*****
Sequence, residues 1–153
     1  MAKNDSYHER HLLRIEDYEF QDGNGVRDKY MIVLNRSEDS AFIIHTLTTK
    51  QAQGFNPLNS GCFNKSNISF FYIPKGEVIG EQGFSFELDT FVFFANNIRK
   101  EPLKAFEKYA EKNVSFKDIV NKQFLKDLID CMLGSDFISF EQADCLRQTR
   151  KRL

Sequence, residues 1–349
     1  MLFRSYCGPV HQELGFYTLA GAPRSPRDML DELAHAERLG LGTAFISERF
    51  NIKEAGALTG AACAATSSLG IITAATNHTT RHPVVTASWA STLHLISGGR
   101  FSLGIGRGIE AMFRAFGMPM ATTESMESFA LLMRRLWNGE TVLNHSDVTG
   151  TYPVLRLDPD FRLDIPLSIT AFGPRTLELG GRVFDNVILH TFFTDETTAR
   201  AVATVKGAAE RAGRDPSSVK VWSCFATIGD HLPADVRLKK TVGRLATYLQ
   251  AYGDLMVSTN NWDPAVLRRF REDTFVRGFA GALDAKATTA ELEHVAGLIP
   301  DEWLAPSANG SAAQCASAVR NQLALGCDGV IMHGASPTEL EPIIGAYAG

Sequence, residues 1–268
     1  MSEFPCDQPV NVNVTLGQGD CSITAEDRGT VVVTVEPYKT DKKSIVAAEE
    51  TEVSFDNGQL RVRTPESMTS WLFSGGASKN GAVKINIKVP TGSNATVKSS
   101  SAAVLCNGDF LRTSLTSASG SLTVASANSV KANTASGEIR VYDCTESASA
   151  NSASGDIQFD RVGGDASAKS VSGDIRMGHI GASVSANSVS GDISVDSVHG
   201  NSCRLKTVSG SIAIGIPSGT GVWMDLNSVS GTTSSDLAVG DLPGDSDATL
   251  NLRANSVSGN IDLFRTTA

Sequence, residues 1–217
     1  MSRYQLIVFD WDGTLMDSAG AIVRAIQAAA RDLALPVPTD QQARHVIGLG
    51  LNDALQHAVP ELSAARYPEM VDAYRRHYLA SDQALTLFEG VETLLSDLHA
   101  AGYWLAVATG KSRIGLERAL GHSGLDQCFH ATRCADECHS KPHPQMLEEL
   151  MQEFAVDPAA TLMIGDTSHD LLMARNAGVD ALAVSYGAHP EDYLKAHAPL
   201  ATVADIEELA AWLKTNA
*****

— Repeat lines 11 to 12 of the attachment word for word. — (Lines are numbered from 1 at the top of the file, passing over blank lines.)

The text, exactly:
   201  AVATVKGAAE RAGRDPSSVK VWSCFATIGD HLPADVRLKK TVGRLATYLQ
   251  AYGDLMVSTN NWDPAVLRRF REDTFVRGFA GALDAKATTA ELEHVAGLIP